Dan Gavitt begins as NCAA's new tourney chief
Dan Gavitt spent the last nine months preparing for his own private version of March madness - weather concerns, damaged buildings, blackouts, even terrorist threats.
He's ready for just about contingency over the next three weeks.
While college basketball fans tune in to the NCAA tournament, Gavitt will be working hard behind the scenes to avoid all the potholes, pitfalls and pressure that come on the road to the Final Four -- and not just for the 64 remaining teams that open second-round play Thursday or Friday.
''I'm excited, I'm anxious, I think both at the same time,'' Gavitt told The Associated Press as he prepares to run his first NCAA tourney. ''I was growing up around the game of college basketball literally my whole life, but I also feel like I have an awesome sense of responsibility to manage this event the way it's been managed the last 74 years.''
Gavitt has been a regular face in college basketball crowd for years.
He started attending Final Fours in the late 1970s, watched the tourney become one of the world's sporting biggest events while his father, Dave, was running the Big East Conference and eventually wound up as a Big East executive, too, before taking the NCAA job in June.
Now he has a longer title, NCAA executive vice president for men's basketball championships, a new boss and an entirely different perspective on the NCAA's marquee event. He took over from Greg Shaheen, the longtime head of the tourney who resigned his post last spring.
Instead of contemplating pairings and predictions or following schools from his conference, Gavitt will spend his time constantly on the go.
Last weekend, he was locked inside an Indianapolis hotel room with selection committee members. On Monday morning, he made the 2 1/2-hour drive from the NCAA's Indianapolis headquarters to Dayton, Ohio. Before he could even get unpacked, there was already a problem -- Liberty's flight into Dayton had been delayed and he started preparing one of his multitude of contingency plans.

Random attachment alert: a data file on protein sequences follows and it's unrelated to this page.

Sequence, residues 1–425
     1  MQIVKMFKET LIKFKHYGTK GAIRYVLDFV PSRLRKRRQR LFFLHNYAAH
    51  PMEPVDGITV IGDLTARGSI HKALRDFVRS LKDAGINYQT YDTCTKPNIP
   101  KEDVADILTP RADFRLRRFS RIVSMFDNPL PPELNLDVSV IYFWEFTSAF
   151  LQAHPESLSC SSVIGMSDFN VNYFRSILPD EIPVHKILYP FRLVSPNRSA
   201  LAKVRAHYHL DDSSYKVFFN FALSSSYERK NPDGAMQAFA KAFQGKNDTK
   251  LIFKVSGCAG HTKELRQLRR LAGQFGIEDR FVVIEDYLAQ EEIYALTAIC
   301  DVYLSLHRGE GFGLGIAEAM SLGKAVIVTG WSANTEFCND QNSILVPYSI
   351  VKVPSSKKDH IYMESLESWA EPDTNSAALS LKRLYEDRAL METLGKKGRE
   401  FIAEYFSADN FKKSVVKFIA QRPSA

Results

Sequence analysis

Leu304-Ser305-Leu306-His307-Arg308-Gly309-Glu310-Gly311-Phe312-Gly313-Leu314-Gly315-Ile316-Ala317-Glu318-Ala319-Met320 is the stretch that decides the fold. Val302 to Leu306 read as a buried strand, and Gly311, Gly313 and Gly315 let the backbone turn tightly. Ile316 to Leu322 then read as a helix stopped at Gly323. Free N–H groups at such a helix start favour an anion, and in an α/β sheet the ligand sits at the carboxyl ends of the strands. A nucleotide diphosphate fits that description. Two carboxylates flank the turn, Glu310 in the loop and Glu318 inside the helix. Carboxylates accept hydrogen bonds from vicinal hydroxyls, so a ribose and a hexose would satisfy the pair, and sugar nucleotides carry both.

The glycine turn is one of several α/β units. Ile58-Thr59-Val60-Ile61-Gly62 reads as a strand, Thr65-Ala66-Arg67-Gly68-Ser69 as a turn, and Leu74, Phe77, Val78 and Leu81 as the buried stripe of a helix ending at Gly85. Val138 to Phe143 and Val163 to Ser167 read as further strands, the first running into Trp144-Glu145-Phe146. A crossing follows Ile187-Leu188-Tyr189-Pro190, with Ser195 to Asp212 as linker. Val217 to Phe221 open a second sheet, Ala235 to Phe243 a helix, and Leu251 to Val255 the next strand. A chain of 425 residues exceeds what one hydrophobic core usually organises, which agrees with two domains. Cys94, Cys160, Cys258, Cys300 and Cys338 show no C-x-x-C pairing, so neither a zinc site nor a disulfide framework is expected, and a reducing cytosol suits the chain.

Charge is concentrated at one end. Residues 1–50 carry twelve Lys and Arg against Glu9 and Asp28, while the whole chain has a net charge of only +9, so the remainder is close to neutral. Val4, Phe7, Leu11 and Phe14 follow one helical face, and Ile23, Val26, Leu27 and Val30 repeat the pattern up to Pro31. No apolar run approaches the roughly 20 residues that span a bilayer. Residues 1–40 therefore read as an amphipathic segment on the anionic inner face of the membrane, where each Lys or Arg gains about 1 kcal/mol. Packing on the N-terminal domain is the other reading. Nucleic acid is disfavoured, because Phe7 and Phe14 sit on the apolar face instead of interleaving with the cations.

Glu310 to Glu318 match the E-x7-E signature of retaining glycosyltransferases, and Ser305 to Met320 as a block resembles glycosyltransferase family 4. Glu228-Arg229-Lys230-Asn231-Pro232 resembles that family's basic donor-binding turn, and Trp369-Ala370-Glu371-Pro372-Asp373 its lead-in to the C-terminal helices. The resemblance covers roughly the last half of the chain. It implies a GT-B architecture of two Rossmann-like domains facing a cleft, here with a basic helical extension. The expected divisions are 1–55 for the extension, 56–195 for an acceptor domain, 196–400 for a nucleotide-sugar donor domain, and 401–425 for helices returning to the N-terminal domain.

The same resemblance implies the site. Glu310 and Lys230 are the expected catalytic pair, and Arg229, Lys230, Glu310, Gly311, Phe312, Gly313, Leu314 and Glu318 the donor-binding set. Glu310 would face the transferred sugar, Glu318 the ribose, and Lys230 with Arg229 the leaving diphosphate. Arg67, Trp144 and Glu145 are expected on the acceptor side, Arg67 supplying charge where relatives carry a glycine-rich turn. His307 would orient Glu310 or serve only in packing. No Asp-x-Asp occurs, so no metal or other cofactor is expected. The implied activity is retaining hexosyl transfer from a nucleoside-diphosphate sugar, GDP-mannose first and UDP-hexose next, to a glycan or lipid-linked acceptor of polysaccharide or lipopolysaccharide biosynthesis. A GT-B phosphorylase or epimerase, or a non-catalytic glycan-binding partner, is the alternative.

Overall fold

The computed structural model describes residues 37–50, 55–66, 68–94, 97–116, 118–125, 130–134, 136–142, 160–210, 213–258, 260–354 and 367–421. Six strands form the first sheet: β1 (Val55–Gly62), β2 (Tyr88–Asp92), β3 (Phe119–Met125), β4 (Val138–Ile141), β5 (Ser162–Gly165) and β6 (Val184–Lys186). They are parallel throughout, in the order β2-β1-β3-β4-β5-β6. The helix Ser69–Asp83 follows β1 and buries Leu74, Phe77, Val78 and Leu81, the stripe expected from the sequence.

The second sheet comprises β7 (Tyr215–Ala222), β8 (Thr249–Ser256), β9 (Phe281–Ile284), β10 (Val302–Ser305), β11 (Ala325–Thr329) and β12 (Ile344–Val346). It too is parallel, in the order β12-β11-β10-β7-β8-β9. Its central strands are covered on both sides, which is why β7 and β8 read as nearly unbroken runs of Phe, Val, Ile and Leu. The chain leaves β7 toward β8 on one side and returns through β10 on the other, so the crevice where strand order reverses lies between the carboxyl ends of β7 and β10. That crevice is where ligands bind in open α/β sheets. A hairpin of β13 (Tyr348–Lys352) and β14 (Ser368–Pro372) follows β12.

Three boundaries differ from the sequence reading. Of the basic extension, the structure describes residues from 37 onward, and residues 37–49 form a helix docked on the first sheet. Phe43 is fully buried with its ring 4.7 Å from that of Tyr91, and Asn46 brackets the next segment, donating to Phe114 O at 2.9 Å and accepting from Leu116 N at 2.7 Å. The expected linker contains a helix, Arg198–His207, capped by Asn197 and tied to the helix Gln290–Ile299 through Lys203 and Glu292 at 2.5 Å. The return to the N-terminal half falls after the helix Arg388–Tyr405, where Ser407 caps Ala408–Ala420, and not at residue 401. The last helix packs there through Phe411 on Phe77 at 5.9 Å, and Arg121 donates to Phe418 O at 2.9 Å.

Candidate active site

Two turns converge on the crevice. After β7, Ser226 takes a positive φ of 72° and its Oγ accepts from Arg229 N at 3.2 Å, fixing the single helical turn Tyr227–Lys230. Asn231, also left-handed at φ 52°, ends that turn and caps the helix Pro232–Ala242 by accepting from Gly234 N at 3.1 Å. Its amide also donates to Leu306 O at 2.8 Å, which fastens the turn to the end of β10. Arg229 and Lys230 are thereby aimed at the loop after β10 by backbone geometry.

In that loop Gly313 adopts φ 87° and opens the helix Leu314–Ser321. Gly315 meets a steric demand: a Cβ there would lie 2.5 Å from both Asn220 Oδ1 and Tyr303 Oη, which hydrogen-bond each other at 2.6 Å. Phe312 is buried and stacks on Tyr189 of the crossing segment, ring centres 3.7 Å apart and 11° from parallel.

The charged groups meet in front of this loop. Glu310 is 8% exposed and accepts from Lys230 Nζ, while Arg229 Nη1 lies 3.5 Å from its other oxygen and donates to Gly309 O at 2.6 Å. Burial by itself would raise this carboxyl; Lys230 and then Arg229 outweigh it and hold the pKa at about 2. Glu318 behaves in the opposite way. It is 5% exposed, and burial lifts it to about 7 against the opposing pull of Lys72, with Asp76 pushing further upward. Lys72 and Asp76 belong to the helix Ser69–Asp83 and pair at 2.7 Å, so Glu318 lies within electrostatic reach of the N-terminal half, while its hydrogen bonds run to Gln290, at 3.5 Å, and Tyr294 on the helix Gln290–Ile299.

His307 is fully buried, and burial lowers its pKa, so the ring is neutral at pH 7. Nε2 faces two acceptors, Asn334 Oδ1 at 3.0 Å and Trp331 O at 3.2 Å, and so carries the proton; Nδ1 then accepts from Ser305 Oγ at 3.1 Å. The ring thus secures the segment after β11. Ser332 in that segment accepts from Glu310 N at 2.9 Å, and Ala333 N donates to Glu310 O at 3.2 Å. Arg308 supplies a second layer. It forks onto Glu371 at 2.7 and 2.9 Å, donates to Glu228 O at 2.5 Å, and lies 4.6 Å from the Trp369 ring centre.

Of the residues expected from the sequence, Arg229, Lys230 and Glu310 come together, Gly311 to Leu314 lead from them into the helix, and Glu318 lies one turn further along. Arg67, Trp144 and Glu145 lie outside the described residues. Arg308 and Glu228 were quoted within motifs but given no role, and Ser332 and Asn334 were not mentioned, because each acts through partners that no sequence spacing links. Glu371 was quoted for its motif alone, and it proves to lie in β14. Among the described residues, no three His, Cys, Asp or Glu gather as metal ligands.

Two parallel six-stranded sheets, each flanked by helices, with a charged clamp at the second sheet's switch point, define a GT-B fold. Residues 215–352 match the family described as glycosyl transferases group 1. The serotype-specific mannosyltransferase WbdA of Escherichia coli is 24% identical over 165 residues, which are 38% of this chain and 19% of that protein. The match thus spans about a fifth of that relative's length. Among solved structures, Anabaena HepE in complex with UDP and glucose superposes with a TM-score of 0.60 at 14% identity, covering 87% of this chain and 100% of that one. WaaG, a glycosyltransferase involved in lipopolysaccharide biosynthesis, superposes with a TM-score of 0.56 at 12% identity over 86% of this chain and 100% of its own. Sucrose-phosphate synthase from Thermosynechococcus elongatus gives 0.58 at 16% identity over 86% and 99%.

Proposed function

''We would change the schedule if necessary, we haven't at this point because it looks like they'll be here in time for their practice and media availability,'' he said Monday. ''And if you adjust one practice time or media obligation it has a ripple effect on the other teams.''
Turns out, it was no big deal. Liberty made it in just fine and everything went off on time.
Most college basketball fans could care less about the logistics Gavitt must deal with -- presuming it doesn't affect tip times, games or their favorite teams.
But it isn't easy with a bracket coming out Sunday and eight teams needing to be in Dayton in less than 48 hours for the first four games.
Gavitt's job is to make sure things go smoothly everywhere, every time.
That's why he'll depart Dayton after Wednesday night's final first-round game and heading to Atlanta, where he will spend the rest of the weekend watching the remaining 48 games from the TBS studios with John Adams, the NCAA men's basketball national officiating coordinator, and Mike Bobinski, the selection committee chairman.
Should something unforeseen should happen, the NCAA officials can confer immediately, make a decision and contact site committee organizers with a single set of instructions.
Gavitt has gone to great lengths to prepare for every conceivable scenario.
''We kind of learn from everyone's experiences and do things that are presented to us,'' he said, citing the Super Bowl power failure as an example. ''Safety and security are always the big things for everyone that plays, coaches and watches the game, and then No. 2, I want every single game to be contested without controversy. I want to let the student-athletes on the court decide the game.''
He still wants to put on a good show, though, from Selection Sunday right through to the closing video montage following the title game.
Fortunately, Gavitt has some experience to rely upon.
He spent the past seven years running the Big East men's tourney at one of basketball's meccas, Madison Square Garden, and before that served as the athletic director at Bryant University. He even ran his own sports marketing firm.
With so many locales, so many people involved at each site and the spotlight of four networks broadcasting every game live, Gavitt is uncharted territory. But he can't to see it all kick into high gear Thursday.
''That's where the anxiety comes in a little bit, you feel a responsibility to make sure the experience is something they'll remember the rest of their lives,'' Gavitt said. ''It is a logistical jigsaw puzzle but I'm fortunate enough to have a great staff to pull that off.''